In 1911, Kagawa graduated from Kobe Seminary and was ordained as an evangelist in the Japan Presbyterian Church. He continued his ministry in the slums and in due course was able to attract a number of able supporters and collaborators, including a young woman by the name of Haru, who was also baptized by Dr. Myers. She married Kagawa and moved into his Shinkawa home in May 1913. The following year, both were given the opportunity to continue their education, Haru at a Bible School for women in Yokohama, and Kagawa at Princeton University and Theological Seminary in the United States.
The two years and nine months in the United States was a formative period for Kagawa. He completed an M.A. in Experimental Psychology in 1915, and a Bachelor of Divinity Degree in 1916. More important than his studies, however, was exposure to the labor movement in New York and his realization that labor unions and collective action represented important means for improving the living conditions of the working poor. He also gained some initial experience organizing laborers in the U.S. In order to earn funds for his passage home, he moved to Ogden, Utah, and worked for the Japanese Association for some eight months before returning to Japan. During his stay in Ogden, he helped the Japanese and Mormon tenant farmers organize a union, an experience that would be put to good use in the years ahead.
Upon his return to Japan in 1917, he resumed his work in Shinkawa. He was deeply disappointed and grieved to discover that many of the children he had cared for and worked with had either died, been forced into prostitution, or pursued various illegal means to survive. It was at this point that Kagawa shifted his efforts from a focus on evangelism and relief work to methods and strategies for the prevention of poverty, which meant involvement in the labor movement and the organization of cooperatives. He quickly became one of the leading intellectuals in the labor movement and was elected to the council of the Kansai branch of Yûaikai (åæä¼é¢è¥¿å´ååçä¼), the labor union founded by Suzuki Bunji é´æ¨ææ²». For the next three years Kagawa devoted much of his time to the cause of the labor movement and was involved in efforts to organize workers in various industries.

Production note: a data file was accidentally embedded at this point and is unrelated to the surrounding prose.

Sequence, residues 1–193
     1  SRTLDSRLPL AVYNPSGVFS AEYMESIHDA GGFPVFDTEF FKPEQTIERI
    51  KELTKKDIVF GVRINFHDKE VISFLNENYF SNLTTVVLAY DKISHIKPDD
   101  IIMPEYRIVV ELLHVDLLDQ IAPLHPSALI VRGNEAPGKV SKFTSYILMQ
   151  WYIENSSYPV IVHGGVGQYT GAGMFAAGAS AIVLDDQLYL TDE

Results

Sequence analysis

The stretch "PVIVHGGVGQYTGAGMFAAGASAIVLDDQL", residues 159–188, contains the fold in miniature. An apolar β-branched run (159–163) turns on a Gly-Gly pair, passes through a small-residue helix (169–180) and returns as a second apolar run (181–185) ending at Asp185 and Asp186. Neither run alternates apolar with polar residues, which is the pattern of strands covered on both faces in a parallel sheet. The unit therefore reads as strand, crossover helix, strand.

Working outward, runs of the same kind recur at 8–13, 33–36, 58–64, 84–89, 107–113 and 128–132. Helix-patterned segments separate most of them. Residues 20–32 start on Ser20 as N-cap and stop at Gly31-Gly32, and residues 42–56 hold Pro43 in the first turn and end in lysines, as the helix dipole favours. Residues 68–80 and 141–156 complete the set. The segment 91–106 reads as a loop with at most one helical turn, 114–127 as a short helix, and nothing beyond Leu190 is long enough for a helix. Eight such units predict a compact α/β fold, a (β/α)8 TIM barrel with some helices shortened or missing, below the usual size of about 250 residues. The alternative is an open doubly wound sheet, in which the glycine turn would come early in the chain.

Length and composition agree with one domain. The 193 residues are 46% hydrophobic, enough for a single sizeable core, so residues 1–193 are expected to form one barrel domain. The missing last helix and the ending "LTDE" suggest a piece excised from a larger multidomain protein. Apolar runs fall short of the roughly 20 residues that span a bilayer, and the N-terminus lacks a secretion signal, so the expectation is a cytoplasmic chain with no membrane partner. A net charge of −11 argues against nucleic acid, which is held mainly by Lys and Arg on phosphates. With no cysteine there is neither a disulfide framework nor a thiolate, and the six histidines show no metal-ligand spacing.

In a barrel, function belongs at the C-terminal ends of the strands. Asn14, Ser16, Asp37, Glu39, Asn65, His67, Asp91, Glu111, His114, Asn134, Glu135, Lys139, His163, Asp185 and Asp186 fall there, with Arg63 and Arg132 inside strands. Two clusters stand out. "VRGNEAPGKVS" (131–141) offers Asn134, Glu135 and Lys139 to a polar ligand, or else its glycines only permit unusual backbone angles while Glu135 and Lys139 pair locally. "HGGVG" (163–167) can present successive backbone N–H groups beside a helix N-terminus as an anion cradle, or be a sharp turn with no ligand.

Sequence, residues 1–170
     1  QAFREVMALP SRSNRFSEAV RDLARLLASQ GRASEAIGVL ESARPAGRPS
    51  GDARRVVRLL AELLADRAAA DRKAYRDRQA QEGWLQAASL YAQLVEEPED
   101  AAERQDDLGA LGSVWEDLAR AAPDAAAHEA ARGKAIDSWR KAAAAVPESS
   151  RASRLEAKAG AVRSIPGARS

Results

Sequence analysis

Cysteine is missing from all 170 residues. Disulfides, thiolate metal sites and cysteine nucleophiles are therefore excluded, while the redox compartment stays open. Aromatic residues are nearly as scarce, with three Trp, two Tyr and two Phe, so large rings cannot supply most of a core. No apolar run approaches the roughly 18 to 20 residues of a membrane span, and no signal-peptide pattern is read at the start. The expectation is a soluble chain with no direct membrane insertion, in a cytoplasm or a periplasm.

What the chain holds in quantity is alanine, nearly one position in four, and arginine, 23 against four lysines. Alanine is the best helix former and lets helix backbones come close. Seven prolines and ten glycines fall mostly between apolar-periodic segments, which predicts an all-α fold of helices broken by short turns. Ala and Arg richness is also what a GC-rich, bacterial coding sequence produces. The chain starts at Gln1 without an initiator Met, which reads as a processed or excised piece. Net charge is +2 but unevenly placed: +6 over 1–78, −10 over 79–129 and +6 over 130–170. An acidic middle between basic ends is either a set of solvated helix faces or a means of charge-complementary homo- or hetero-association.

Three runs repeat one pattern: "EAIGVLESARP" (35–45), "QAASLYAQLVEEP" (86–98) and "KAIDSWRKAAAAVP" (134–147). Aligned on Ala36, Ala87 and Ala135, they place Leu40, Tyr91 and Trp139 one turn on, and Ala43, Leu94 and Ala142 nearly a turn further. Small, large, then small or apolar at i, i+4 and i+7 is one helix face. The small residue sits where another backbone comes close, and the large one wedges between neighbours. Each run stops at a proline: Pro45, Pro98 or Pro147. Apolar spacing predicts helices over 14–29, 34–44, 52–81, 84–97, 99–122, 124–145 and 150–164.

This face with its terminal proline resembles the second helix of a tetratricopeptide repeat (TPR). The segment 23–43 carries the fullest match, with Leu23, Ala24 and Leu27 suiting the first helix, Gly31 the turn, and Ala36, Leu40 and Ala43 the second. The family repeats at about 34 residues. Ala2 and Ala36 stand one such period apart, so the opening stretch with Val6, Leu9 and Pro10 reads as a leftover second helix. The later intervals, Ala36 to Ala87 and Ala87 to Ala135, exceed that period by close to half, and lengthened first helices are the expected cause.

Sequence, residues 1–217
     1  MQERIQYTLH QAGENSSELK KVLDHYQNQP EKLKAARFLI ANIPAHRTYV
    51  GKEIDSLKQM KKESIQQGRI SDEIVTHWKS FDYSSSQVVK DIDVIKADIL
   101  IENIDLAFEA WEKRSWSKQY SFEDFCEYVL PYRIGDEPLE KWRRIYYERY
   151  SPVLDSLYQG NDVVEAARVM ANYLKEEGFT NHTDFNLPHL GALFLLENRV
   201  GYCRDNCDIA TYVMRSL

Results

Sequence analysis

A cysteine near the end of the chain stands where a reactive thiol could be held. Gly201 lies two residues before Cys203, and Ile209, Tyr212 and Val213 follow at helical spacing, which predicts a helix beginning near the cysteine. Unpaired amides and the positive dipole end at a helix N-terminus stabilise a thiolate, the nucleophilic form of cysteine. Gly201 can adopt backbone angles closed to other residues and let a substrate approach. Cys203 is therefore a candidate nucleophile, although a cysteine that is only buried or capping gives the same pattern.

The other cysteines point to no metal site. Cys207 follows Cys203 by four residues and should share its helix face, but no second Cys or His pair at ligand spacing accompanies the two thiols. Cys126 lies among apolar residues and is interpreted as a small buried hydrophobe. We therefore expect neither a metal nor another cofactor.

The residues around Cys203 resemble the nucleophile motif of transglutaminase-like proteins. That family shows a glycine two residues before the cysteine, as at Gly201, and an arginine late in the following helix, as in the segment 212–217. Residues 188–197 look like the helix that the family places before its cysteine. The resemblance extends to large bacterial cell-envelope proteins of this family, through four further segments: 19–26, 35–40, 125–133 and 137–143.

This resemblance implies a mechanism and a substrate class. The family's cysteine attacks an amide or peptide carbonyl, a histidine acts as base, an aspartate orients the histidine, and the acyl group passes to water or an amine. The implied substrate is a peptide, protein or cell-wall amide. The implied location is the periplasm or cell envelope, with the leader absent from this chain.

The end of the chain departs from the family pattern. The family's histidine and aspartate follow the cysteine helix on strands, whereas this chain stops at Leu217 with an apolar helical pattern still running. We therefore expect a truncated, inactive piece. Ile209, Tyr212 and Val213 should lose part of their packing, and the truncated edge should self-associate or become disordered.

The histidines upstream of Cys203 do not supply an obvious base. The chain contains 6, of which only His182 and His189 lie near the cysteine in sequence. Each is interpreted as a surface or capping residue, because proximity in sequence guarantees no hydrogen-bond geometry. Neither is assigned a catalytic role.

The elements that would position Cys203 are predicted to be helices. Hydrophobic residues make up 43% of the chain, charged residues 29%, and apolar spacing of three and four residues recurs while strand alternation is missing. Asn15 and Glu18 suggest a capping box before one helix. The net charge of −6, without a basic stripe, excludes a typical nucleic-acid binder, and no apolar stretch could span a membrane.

Kagawaâs involvement with the labor movement was to change dramatically in 1921. In July he was elected by union members as one of the leaders to represent workers in connection with the Kawasaki-Mitsubishi Shipbuilders strike. After participating in a march with striking laborers, Kagawa was arrested with other leaders and spent almost two weeks in jail. It was during this time that he seemed to realize that he was in a movement beyond his control. What was particularly problematic for Kagawa, the âpacifist,â was that strikers with legitimate concerns could be transformed into a violent mob. It became increasingly clear to him that  this was a movement that would not abide by his Christian principles of non-violence. His optimism regarding the potential for social change was seriously tempered as he faced this darker side of the human condition. He was not only disillusioned with the movement, but according to most interpreters he was basically âknocked outâ of his position in the inner circle of labor leaders as the radical left-wing â who endorsed revolutionary action â took over the movement. Although he was re-elected to the Central Committee in October 1921, Sumiya points out that he stopped attending meetings once he realized he was no longer needed in the labor movement and faced the fact that it was moving in a direction that was incompatible with his ideals and values.
As it turns out, Kagawa already was making other plans. At a gathering of fourteen young pastors attending the Presbyterian Pastors National Meeting on October 5, 1921, he launched the Iesu no Tomo Kai â just two months after the labor conflict in Kobe. Kagawaâs sense of crisis over the direction of the labor movement may have been the precipitating event that helps to explain the timing of this movement, but it was his sense of disillusionment and despair over the state of the Japanese church that motivated him to call for an alternative movement. New movements, of course, require strong charismatic leadership and a compelling new vision and mission, not just a shared sense of alienation from the religious establishment.
From a sociological perspective, âcharismaâ and âcharismatic authorityâ can only be understood in terms of the social relationship between leaders and followers. An individual may claim to have had direct contact with God or to have received new revelations or a vision of a divine mission, but a movement will not be born unless the new message meets the needs and aspirations of a significant audience. The message must have some appeal, and potential followers must be convinced that the messenger has some special connection with the sacred. While minor founders vary in the degree to which they reject existing traditions and introduce new elements, at the very least they claim to have direct access to the sacred and an independent basis of religious authority.
By all accounts, Kagawa was a charismatic leader whose self-understanding was shaped by profound religious experiences. As noted already, Kagawa had a powerful experience of divine presence and healing as a young theological student. This was not a one-time event, but something he claims to have experienced over the course of his life. He mentions such mystical encounters in Meditations on the Holy Spirit: âI have had my share of religious exaltation that comes of being  bathed in the light over many times. It is an ecstasy that defies description. We feel intuitively an absolute joy, which neither sex nor selfish desire nor covetousness for fame can ever give us.â These experiences no doubt gave Kagawa his own sense of religious calling and the confidence required for his independent mission, but it was his life-style and authentic practice of religion in the slums that established his legitimacy and authority for others.